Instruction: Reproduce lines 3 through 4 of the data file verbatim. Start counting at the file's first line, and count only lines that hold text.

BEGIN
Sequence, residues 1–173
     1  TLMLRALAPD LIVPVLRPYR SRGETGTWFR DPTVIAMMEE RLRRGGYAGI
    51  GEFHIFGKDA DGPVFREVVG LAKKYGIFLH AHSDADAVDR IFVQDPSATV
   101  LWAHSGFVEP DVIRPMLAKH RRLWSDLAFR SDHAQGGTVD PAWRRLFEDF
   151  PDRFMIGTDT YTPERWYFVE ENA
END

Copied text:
    51  GEFHIFGKDA DGPVFREVVG LAKKYGIFLH AHSDADAVDR IFVQDPSATV
   101  LWAHSGFVEP DVIRPMLAKH RRLWSDLAFR SDHAQGGTVD PAWRRLFEDF